Endoscopy. 2016 May;48(5):448-55. doi: 10.1055/s-0041-111565. Epub 2016 Jan 25.
Clinicopathological, endoscopic, and molecular characteristics of the "skirt" - a new entity of lesions at the margin of laterally spreading tumors.
BACKGROUND AND STUDY AIM: A slightly elevated flat lesion with wide pits has occasionally been observed at the margin of laterally spreading tumors (LSTs) and is known as a "skirt." The aim of this study was to evaluate the clinicopathological, endoscopic, and genetic characteristics of a skirt.
PATIENTS AND METHODS: Consecutive LSTs were examined to evaluate the pathological, endoscopic, and genetic characteristics. Pathological characteristics, including the dimension of the cryptic opening (DCO), width of the individual gland (WIG), DCO to WIG ratio, and microvessel diameter were elucidated and compared with those of hyperplastic polyps, low grade dysplasia (LGD), and normal mucosa. The endoscopic findings of pit and microvascular patterns were assessed. Gene mutation analyses were performed for the KRAS, BRAF, NRAS, and PIK3CA genes.
RESULTS: A skirt was identified in 35 of 1023 LSTs, and 80 % of lesions with a skirt had a component of either intramucosal or submucosal adenocarcinoma. The DCO, WIG, and DCO to WIG ratio of the skirt were significantly larger than those of other lesions. The microvessel diameters in skirts were significantly smaller than those in LGDs. Regarding the endoscopic findings, 30 skirts showed pits with a coral reef-like appearance, and all skirt regions were found to have a type I capillary pattern. KRAS mutation at codon 146 was found in the nodular part in one of five LSTs with a skirt.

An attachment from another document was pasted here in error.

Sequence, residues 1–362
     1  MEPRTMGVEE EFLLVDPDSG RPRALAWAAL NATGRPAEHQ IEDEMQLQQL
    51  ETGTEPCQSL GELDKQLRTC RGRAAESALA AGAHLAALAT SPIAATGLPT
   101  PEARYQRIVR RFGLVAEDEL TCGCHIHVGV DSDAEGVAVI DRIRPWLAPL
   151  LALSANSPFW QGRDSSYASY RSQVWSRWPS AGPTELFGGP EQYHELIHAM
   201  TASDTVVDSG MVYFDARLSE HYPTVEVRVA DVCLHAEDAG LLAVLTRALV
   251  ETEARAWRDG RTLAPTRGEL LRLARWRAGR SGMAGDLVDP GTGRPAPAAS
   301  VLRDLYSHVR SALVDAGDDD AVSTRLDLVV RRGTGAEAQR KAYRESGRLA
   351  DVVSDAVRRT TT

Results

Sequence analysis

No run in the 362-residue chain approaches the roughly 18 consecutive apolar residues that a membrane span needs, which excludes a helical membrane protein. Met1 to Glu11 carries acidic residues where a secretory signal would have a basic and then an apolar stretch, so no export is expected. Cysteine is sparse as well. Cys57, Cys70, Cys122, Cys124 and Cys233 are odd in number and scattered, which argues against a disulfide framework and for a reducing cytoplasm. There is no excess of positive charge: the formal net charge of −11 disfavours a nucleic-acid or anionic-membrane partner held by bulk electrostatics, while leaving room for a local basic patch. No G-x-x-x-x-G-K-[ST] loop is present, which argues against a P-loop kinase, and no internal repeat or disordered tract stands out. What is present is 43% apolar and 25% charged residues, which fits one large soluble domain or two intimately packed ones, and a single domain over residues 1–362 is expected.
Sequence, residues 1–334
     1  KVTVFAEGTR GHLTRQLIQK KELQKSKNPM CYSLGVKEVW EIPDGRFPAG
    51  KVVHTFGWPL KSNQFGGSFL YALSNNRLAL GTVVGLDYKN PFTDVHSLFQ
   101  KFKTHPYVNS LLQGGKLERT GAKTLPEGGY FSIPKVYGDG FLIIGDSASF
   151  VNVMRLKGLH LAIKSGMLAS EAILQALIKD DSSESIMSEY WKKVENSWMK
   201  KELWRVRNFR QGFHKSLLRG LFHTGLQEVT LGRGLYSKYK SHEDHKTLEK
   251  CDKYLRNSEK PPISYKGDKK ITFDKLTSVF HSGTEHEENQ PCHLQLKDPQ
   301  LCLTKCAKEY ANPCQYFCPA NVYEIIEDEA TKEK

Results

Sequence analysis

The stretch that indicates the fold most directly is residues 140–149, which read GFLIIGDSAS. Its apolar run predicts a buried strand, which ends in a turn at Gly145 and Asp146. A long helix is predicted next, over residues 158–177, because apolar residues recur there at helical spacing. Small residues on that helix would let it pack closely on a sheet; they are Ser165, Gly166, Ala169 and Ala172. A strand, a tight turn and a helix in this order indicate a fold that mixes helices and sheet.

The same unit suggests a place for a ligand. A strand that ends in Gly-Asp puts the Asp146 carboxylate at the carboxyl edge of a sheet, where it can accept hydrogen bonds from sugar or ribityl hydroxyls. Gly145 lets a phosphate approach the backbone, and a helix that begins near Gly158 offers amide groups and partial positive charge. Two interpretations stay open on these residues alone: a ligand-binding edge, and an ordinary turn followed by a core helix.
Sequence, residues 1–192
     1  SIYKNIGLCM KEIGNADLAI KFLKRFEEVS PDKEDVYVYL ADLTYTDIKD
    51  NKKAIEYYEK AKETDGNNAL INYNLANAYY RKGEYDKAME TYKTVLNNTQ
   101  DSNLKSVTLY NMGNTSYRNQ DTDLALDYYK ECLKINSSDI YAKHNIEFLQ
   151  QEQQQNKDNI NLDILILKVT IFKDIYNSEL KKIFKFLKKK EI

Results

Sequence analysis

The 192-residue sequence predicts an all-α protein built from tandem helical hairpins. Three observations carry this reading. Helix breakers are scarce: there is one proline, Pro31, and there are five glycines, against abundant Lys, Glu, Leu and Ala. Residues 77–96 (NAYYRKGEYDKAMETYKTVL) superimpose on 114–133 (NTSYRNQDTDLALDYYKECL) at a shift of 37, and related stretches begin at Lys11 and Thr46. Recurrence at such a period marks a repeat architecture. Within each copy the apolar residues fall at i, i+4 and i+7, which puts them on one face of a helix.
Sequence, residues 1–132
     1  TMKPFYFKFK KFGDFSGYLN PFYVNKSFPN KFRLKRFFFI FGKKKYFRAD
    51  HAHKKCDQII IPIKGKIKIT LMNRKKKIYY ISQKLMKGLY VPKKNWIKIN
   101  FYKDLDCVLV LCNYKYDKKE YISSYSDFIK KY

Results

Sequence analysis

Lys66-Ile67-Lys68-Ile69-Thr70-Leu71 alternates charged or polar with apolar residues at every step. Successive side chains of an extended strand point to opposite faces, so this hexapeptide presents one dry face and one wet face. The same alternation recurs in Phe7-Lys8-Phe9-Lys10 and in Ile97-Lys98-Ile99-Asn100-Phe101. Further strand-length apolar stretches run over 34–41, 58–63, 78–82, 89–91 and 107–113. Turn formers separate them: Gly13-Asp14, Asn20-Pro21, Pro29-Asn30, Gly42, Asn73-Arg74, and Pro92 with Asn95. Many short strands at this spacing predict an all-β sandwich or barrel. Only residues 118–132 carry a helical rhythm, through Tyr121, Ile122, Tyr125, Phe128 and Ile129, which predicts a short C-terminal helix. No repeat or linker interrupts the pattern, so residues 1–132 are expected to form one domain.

CONCLUSION: The skirt is a newly identified lesion distinct from hyperplastic polyps and LGDs, suggesting the presence of a novel pathway for rectal carcinogenesis from LSTs with a skirt.